The Teahouse of the August Moon is a 1956 American comedy film satirizing the U.S. occupation and Americanization of the island of Okinawa following the end of World War II in 1945. The motion picture starred Marlon Brando and was directed by Daniel Mann.
John Patrick adapted the screenplay from his own Pulitzer Prize and Tony Award winning Broadway play of 1953. The play was, in turn, adapted from a 1951 novel by Vern J. Sneider. The film was entered into the 7th Berlin International Film Festival.
Misfit Captain Fisby (Glenn Ford) is sent to Americanize the village of Tobiki on Okinawa, the largest of the Ryukyu Islands. His commanding officer, Colonel Wainwright Purdy III (Paul Ford), assigns him a wily local, Sakini (Marlon Brando), to act as interpreter.
Fisby tries to implement the military's plans, by encouraging the villagers to build a school in the shape of a pentagon, but they want to build a teahouse instead. Fisby gradually becomes assimilated to the local customs and mores with the help of Sakini and Lotus Blossom, a young geisha (Kyo Machiko).
To revive the economy, he has the Okinawans manufacture small items to sell as souvenirs, but nobody wants to buy them. These include cricket cages and wooden Japanese footwear called Geta. Then Fisby makes a happy discovery. The villagers brew a potent alcoholic beverage in a matter of days, which finds a ready market in the American army. With the influx of money, the teahouse is built in next to no time.
When Purdy sends psychiatrist Captain McLean (Eddie Albert) to check up on Fisby, the newcomer is quickly won over. This, even after Fisby greets McLean wearing Geta, an army bathrobe (which Fisby claims is his kimono) and what Fisby terms an "air-conditioned" straw hat (the latter being headwear worn by Okinawan farmers). McLean later proves to be enthusiastic about organic farming.
When Purdy doesn't hear from either officer, he shows up in person and surprises Fisby and McLean, the latter wearing a yukata or summer-weight kimono. Both are leading a rowdy song at a party in full swing in the teahouse. Purdy orders the building destroyed, but in a burst of foresight, the villagers only dismantle the teahouse instead.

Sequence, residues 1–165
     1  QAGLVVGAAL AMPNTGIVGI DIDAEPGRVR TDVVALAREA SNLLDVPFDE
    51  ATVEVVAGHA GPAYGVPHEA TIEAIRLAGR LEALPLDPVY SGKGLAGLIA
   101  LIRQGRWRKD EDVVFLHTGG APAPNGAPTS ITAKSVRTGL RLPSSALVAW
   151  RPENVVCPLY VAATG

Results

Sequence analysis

Ironically, the village is chosen by the Supreme Commander of the Allied Powers SCAP as an example of successful American-led democratization. This leads to the teahouse being reassembled without threat of destruction by Colonel Purdy.
Playing the role of an Okinawan villager was to prove an interesting challenge for Marlon Brando's method acting techniques. He spent two months studying local culture, speech, and gestures and, for the actual shooting, he subjected himself daily to two hours of make-up applied to make him appear Asian. The success of his role is perhaps best captured by the number of people who watch the movie looking for Brando and then complain that he isn't even in it.
The role of Colonel Wainwright Purdy III was to have been played by Louis Calhern, but he died in Nara during filming, and was replaced by Paul Ford. Ford had played the part more than a thousand times, having been one of the Broadway originals, and he would play a similarly bumbling, harassed colonel hundreds of times more in Phil Silvers' TV series Bilko.
Ford was not the only actor who went on to be cast in a television series role very similar to his Teahouse character. Like the psychiatrist Captain McLean, Eddie Albert's "Oliver Wendell Douglas" on Green Acres (1965-1971) was a licensed professional with an advanced degree, who obsessed about the glory of farming and yearned to give up his practice in favor of tending the soil.
The film made use of Japanese music recorded in Kyoto and sung and danced by Japanese artists. Kyo Machiko (Lotus Blossom) had won acclaim for her dramatic performances in Rashomon and Gate of Hell, so this lightly comedic part was a departure for her.